Social Security programs in post-industrial nations are facing the need for policy reforms. Fiscal shortfalls in current Social Security programs are a major driving force promoting these reforms. At the same time, changes in longevity and the nature of work and retirement also suggest the need for policy reform. This article begins with a broad overview of some of the policy innovations of the Europe Union as a whole, and then focuses more in-depth on policy reforms in three countries that exemplify Esping-Andersen's (1990) typology of welfare states: Sweden, Germany, and Canada. These three countries have passed policies that promote flexibility in retirement for older adults, including "gradual retirement", "partial retirement", and credit for caregiving activities. Keeping older adults in the labor force longer retains the tax base of contributors into Social Security as well as allowing those who want to stay in the labor force more choice. The reforms are discussed, along with their potential usefulness for future Social Security policy reforms in the United States.
Keywords: retirement, pension policies, pension reform
Both the demographic changes and the changing nature of our society and work emphasize the need to reshape our thinking about retirement. The word "retirement" used to refer to the abrupt and total transition from full-time employment to zero-employment, but the way that retirement is defined and experienced has been evolving in the United States and around the world. Now, "The concept of retirement is not easy to define--it could imply eligibility for benefits, withdrawal from the labor force, changes in lifestyle, changes in family or living situations, or some combination of these characteristics" (Wiatrowski, 2001, p. 3).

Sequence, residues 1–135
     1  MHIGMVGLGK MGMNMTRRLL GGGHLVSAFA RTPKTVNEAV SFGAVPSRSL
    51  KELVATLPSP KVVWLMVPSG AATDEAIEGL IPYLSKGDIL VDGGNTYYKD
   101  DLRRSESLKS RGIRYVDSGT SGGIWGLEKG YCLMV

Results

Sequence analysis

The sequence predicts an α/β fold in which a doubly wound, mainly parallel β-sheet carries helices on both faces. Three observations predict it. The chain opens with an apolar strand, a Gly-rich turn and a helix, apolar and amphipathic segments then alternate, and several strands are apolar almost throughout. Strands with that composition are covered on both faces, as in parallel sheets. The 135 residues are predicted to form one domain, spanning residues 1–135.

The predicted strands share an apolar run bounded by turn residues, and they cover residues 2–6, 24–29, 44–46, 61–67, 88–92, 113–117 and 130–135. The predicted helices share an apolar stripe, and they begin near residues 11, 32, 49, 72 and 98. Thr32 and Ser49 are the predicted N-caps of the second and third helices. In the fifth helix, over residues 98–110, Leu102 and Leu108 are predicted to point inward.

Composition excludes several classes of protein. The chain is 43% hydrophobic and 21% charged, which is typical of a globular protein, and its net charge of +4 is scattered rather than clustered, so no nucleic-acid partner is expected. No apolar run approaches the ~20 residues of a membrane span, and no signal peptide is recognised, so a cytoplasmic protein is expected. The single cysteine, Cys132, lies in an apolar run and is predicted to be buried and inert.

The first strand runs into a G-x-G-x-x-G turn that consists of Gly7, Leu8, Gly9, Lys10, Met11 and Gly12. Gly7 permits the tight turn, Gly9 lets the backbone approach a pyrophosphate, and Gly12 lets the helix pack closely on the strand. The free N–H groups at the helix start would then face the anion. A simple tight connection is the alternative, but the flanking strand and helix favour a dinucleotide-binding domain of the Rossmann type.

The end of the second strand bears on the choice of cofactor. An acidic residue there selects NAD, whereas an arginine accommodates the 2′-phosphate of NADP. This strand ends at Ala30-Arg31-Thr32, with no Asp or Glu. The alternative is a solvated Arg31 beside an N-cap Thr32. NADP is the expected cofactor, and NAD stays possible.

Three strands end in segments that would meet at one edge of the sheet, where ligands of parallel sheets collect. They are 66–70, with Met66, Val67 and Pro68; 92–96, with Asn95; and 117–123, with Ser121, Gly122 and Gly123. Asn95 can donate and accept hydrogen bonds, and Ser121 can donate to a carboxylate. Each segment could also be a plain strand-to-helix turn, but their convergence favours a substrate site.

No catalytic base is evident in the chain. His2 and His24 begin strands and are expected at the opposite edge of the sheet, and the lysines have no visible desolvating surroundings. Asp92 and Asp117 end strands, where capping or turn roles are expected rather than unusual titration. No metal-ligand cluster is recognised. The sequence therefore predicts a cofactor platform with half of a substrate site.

Increased longevity and population aging are global phenomena for developed and developing countries alike. Every month one million people turn 60 years of age (33,000 every day) and today ten percent of the earth's inhabitants are over the age of 60 (United Nations Population Fund, 1999). In addition, the widespread availability of better health care has improved the physical well-being of older adults (Research & Policy Committee, 1999; Steuerie, Spiro & Johnson, 1999). This paper will focus on the fiscal pressures on current Social Security systems in post-industrial nations resulting from the increase in longevity, the changing nature of work and retirement, and selected efforts to reform policies to promote flexibility.
In addition to demographic changes, the nature of work has become increasingly more technologically complex. In the 18th century, the United States and much of Europe had agricultural economies and the working classes were generally forced to work until they were completely disabled or deceased. In the 20th century, these countries became industrialized, and policies were established to provide for the economic needs of older adults (e.g., Social Security), which changed the nature of work and retirement. In the 21st century, the economies of developed countries have begun to move away from industry and toward an information-based economy that requires highly educated workers that are able to obtain and process information effectively. Informational jobs are generally less physically demanding, require continuous learning and skill acquisition, and offer greater options in terms of work hours and work location (international Labour Organization, 2000; Moore, 1996; Reday-Mulvey, 2000; Steuerie, Spiro & Johnson, 1999). Co-existing with the information-based industry are the retail and service industries, in which workers generally have jobs with less flexibility and more physical demands (Moore, 1996; Stewart, 2000). The Information Industry, and to some extent the retail and service industries, offer workers more work schedule and location flexibility than workers in industrial positions. …